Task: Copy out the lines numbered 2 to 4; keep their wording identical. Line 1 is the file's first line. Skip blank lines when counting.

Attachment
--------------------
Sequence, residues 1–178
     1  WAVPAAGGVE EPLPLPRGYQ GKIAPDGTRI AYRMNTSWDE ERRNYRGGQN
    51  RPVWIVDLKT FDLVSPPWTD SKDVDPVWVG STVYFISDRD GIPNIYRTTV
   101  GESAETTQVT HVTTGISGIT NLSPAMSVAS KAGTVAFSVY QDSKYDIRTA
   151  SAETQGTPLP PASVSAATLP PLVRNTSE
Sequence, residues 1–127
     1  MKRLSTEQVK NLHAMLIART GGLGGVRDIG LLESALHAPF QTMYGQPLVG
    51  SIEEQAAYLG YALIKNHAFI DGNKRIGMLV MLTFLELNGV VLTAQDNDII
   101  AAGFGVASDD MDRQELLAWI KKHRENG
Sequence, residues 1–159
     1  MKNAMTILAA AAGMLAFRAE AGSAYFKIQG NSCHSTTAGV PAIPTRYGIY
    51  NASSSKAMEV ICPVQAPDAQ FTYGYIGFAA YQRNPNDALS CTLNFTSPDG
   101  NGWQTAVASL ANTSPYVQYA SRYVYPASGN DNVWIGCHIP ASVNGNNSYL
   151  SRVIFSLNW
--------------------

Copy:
     1  WAVPAAGGVE EPLPLPRGYQ GKIAPDGTRI AYRMNTSWDE ERRNYRGGQN
    51  RPVWIVDLKT FDLVSPPWTD SKDVDPVWVG STVYFISDRD GIPNIYRTTV
   101  GESAETTQVT HVTTGISGIT NLSPAMSVAS KAGTVAFSVY QDSKYDIRTA